With a BI of 10.4, it makes the perfect recurve bows comparable to units made from modern materials, such as fiberglass. In fact, many manufacturers combine maple and fiberglass to achieve optimal strength and flexibility.
- It holds firm against the draw
- Maple bows are highly flexible
- Maple makes exceptional recurve bows
- Maple wood is expensive
Hickory is a popular wood for making bows. However, its popularity has more to do with the wood’s availability and strength than efficiency.
That’s not to say it’s not a good wood. But conversely, hickory is a very strong wood with a high density and incredible water resistance. It’s also rot and decay-resistant. No wonder it also doubles up as the best wood for an axe handle.
Unfortunately, its low MOE gives hickory a poor BI rating. As a result, hickory is most often used by first-timers. So, it’s a great choice when making your first bow. That said, though, the shellback hickory (9.58 BI) makes exceptional rugged flatbows.
- It’s strong and durable
- It’s weather and rot-resistant
- It’s a high-density wood that resists tear
- It has a low MOE
5. Ash wood
Ash is another dense hardwood that grows in abundance in the US. These qualities, combined with ash’s high elasticity, make it very popular for making bows. In particular, ash makes excellent self-bows. It’s also common in Asian recurve bows.
Unfortunately, ash bows require more maintenance than other wooden bows. Moreover, ash wood is prone to beetles, moths, and termite attacks. So, you need to be careful with your bow.
- It’s strong and durable
- Ash wood is affordable
- It has a high BI (9.86 for blue ash)
- It requires significant maintenance
6. Hazel nut wood
The American hazel nut shrub is famous for its landscaping attributes. Its yellow catkins and “lamb tails” add color to stale landscapes, while the tree’s visually arresting branch network gives texture to the garden.
However, did you know it also makes one of the best bow-making materials? It’s strong and highly elastic, making it the perfect choice for bow design. Alternatively, consider its sister, Harry Lauder’s Walking Stick.
- It’s hard and strong
- It’s highly elastic
- It makes amazing flatbows
- It’s not very common
Bamboo is one of the most versatile woods. It’s strong, hard, and durable. Moreover, bamboo items are naturally rot-resistant.
We also love bamboo as a bow material because it’s one of the cheapest options on this list while providing enough snapback to launch an arrow.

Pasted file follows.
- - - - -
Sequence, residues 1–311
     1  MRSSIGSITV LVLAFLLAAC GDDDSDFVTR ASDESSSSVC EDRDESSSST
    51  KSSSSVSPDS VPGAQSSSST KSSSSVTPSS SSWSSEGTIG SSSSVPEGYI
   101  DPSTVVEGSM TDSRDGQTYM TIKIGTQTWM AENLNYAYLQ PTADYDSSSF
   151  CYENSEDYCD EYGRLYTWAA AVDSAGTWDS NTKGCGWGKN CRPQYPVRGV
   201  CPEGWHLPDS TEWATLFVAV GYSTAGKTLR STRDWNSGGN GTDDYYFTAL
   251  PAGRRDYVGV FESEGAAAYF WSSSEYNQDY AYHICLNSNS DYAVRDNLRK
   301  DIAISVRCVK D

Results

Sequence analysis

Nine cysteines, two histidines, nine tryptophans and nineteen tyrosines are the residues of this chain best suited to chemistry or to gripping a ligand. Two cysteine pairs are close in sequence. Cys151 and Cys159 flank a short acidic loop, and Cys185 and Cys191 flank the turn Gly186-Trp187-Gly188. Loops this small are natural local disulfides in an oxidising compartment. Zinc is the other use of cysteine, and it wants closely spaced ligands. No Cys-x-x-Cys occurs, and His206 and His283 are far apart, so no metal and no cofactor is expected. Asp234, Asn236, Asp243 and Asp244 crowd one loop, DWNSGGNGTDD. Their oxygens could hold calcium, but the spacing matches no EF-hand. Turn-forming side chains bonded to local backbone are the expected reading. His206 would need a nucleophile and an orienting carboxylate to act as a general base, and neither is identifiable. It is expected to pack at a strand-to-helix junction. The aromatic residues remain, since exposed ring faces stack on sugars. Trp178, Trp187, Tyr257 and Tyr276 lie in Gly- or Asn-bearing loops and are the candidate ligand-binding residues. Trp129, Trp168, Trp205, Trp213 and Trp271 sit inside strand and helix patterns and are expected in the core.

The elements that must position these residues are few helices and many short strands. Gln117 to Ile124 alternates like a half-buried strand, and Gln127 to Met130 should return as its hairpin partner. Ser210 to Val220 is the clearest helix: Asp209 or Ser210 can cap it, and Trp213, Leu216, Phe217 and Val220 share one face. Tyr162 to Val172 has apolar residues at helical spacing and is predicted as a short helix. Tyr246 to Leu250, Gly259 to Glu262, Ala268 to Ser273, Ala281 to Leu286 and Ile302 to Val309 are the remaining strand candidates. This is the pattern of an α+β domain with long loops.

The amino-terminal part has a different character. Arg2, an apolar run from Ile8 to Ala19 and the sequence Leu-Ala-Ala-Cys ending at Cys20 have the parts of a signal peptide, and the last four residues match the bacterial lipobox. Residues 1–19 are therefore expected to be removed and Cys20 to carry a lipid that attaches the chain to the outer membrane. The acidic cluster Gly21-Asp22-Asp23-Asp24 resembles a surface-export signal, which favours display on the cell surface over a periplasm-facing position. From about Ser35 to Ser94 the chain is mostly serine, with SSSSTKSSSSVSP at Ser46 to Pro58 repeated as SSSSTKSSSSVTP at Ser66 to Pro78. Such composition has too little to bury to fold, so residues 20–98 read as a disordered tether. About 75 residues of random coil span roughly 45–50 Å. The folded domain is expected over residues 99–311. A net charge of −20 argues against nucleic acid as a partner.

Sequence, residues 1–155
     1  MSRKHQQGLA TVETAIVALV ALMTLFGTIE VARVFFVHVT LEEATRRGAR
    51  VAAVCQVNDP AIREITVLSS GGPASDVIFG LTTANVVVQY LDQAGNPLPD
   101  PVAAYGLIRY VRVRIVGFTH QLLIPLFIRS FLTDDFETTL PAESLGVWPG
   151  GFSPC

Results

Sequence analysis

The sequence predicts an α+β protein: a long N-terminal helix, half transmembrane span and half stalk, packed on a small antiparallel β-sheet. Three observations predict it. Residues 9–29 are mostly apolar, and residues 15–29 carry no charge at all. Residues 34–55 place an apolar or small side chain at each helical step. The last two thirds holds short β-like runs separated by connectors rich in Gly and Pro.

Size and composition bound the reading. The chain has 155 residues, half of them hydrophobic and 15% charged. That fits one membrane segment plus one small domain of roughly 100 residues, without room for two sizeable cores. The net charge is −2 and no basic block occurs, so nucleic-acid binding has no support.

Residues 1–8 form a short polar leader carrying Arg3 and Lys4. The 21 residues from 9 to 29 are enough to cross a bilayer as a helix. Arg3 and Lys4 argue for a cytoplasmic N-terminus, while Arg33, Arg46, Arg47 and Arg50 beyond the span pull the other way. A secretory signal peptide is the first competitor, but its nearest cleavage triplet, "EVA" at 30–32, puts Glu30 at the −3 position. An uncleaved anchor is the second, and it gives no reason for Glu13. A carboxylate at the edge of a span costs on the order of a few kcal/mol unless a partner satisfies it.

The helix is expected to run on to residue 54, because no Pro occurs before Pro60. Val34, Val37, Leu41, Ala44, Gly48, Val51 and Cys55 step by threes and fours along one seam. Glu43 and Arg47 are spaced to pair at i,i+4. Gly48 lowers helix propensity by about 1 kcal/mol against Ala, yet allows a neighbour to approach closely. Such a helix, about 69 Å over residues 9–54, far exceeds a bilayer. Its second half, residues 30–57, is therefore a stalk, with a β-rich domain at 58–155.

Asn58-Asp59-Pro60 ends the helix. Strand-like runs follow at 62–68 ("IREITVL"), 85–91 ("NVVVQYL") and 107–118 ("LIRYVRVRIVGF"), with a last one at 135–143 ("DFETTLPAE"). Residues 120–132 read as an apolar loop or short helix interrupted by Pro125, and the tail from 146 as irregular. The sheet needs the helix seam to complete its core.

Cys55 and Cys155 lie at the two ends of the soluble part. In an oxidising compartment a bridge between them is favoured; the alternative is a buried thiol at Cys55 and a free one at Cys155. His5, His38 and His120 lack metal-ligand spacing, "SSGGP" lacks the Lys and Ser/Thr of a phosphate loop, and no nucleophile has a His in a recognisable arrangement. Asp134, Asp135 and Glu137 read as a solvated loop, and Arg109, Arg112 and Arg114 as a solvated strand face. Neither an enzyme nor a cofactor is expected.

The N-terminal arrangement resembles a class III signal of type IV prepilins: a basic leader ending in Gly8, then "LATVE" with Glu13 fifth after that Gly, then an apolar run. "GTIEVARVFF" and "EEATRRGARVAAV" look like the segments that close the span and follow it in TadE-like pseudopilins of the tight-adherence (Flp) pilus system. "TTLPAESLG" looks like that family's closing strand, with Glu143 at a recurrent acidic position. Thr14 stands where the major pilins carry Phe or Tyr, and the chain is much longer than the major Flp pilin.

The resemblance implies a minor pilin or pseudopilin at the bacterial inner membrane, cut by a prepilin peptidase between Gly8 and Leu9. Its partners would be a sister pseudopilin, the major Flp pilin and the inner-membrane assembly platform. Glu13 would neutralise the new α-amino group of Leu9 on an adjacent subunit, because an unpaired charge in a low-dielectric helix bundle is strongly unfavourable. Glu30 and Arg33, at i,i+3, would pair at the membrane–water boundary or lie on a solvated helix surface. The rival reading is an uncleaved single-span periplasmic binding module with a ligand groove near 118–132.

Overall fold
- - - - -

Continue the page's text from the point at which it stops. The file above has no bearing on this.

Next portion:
Above all, bamboo wood is highly elastic. Feel free to heat it slightly to make your bow even more elastic. The only downside of bamboo as a bow material is it requires a lot of work to craft and shape.
- It’s strong and durable
- Bamboo is highly elastic
- It is affordable
- It takes more work to shape
8. Red oak
Red oak is one of the most common hardwoods in the US and, therefore, a staple in the average timberyard. So, it’s very affordable (compared to other hardwoods).
It’s also strong and durable, making it ideal for woodworking applications. A red oak bow can last many years with good care. However, we must warn you of a few things.
First, red oak is highly porous. Therefore, we recommend older logs with thick late growth rings. Secondly, red oak is slightly heavy. So, you should consider other alternatives if you want a light bow.
- Red oak is strong and durable
- It’s highly elastic
- It’s affordable
- It’s highly porous
Birch trees are native to Europe, Asia, and Japan, where more than 40 species of this hardwood tree grow in the wild.
It’s characterized by a yellow-white or reddish-brown to light brown color, though it darkens significantly over time. Its medium pore structure, the figured grain pattern, and incredible strength make it attractive to bow makers.
However, we only recommend the yellow birch as it’s the strongest and most durable birch wood species. The other species are perishable.
- It’s hard and strong
- It’s highly elastic
- Birchwood is affordable
- Birch is perishable
10. Plum wood
Plum is a hardwood that comes in many colors. Typically, it’s yellowish-brown. However, pink, orange, purple, and red streaks are common.
It also boasts a beautiful, swirled, irregular grain, typically with knots. All these qualities make it an interesting choice for turned objects, inlays, and knife handles.
However, it also makes a wonderful choice for bow-making. It’s highly elastic, with a MOE value of 1,478,000 lbf/square inch. This allows plum wood bows to bend significantly without breaking.
- strong and durable
- Plumwood is weather resistant
- It is highly elastic
- Plumwood is rare and expensive